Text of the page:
decided: September 26, 1986.
IN RE PETITION FOR ENFORCEMENT OF A SUBPOENA TO ANTHONY SEMERARO
Petition for Review of Order of Commonwealth Court at No. 1650 C.D. 1984.
G. Alan Bailey, Norristown, John J. Contino, Pa. Crime Commission, Steven V. Turner, Philadelphia, for petitioner.
John Rogers Carroll, Philadelphia, for Semeraro.
Marion MacIntyre, Deputy Executive Atty. Gen., for respondent.
Nix, C.j., and Flaherty, McDermott, Hutchinson, Zappala and Papadakos, JJ. Larsen, J., did not participate in the consideration or decision of this case. Nix, C.j., concurs in the result.
[ 511 Pa. Page 585]
This is a petition for review of an order of the Commonwealth Court denying enforcement of a Pennsylvania Crime Commission subpoena. 42 Pa.C.S. § 723(a); Pa.R.A.P. 3331(a)(5). The Commission argues that the court erred in addressing the Respondent's relevancy objection as a basis for Respondent's refusal to answer the call of the subpoena. Assuming that this objection was not premature, however, the Commission argues that the court erred in the way it applied the law to the established facts. According to the Commission, if the evidence is correctly assessed according to the proper standard of relevance, the court's holding is against the weight of the evidence and an abuse of discretion.
As there is no dispute regarding the facts, they will be only briefly summarized. The Pennsylvania Crime Commission has undertaken several investigations into the practices of the Judicial Inquiry and Review Board, apparently in response to the Board's decisions not to recommend disciplinary action in certain cases. In connection with one of these investigations, the Commission determined that the Board had reviewed and dismissed charges of judicial misconduct arising out of the election campaign of Judge Anthony Semeraro, Respondent. A subpoena was served on Judge Semeraro, whose refusal to comply sparked the enforcement proceedings below. The court's refusal to enforce the subpoena generated this review.
The Commission's initial argument is that the Respondent's objections to the subpoena are not ripe for
[ 511 Pa. Page 586]
judicial review, that objections to the relevancy of subpoenaed evidence must be asserted in response to particular questions when the witness appears. This argument may be dismissed out of hand. Ordinarily, a preliminary challenge to a subpoena will be dismissed and the witness ordered to appear, interposing objections to questions as they are propounded. This is so, however, not because any prior review of the subpoena is improper, but because in the ordinary case the subpoena will bear up under the minimal scrutiny to which it is subjected in an enforcement proceeding. We need not explain in detail the reasons for granting substantial deference to administrative agencies as to the enforcement of subpoenas issued in furtherance of their investigative function. These have been thoroughly set out in Pennsylvania Crime Commission v. Nacrelli, 5 Pa. Commw. 551 (1972) and the cases cited therein, particularly United States v. Morton Salt Co., 338 U.S. 632, 70 S.Ct. 357, 94 L.Ed. 401 (1950) and Hannah v. Larche, 363 U.S. 420, 80 S.Ct. 1502, 4 L.Ed.2d 1307 (1960) which were quoted at great length. These reasons may be summarized in a quotation from another case cited, Edge Ho Holding Corp., 256 N.Y. 374, 379, 176 N.E. 537, 539 (1931): "Investigation will be paralyzed if arguments as to materiality or relevance, however appropriate at the hearing, are to be transferred upon a doubtful showing as to the stage of a preliminary contest as to the obligation of the writ. Prophecy in such circumstances will step into the place that description and analysis may occupy more safely."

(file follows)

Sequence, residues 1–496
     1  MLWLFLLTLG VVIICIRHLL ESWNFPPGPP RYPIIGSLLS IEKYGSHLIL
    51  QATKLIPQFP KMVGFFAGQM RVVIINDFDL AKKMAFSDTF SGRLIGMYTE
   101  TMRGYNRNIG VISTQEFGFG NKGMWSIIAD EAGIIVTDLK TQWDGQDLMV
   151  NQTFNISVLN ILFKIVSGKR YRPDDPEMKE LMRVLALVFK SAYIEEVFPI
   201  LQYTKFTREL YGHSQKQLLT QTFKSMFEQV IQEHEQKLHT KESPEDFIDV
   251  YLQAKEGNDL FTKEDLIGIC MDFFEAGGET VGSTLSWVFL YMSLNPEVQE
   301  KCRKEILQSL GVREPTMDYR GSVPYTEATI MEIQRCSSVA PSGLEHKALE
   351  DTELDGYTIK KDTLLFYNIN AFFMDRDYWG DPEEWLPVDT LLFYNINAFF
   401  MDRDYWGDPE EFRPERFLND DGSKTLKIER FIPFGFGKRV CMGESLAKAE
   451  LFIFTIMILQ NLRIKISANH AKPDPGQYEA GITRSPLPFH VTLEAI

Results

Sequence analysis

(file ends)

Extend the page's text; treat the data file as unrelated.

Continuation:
This policy of allowing wide latitude to administrative agencies to investigate matters within their authority has never been understood to preclude all preliminary questioning of the propriety of subpoenas. All of the cases cited by the Commission recognize that there can be circumstances where "a governmental investigation . . . may be of such a sweeping nature and so unrelated to the matter properly under inquiry as to exceed the investigatory power." United States v. Morton Salt Co., 338 U.S. at 652, 70 S.Ct. at 369. This court has only recently reaffirmed that certain
[ 511 Pa. Page 587]
constitutional minimums must be observed in the enforcement of Commission subpoenas. In re Petition For Enforcement of Subpoenas To Corporations A, B, C, D, and E, 507 Pa. 137, 489 A.2d 182 (1985). We there stated that "[i]n the event of a subpoenaed witness's failure to respond, the Commission can then, if it wishes, seek Commonwealth Court's aid to enforce the dishonored subpoenas by a constitutionally proper procedure. That procedure will also preserve the appellants' due process right to a judicial test in Commonwealth Court of the validity of the subpoenas and their relevance to a properly authorized investigation of the Commission." Id., 507 Pa. at 145, 489 A.2d at 186.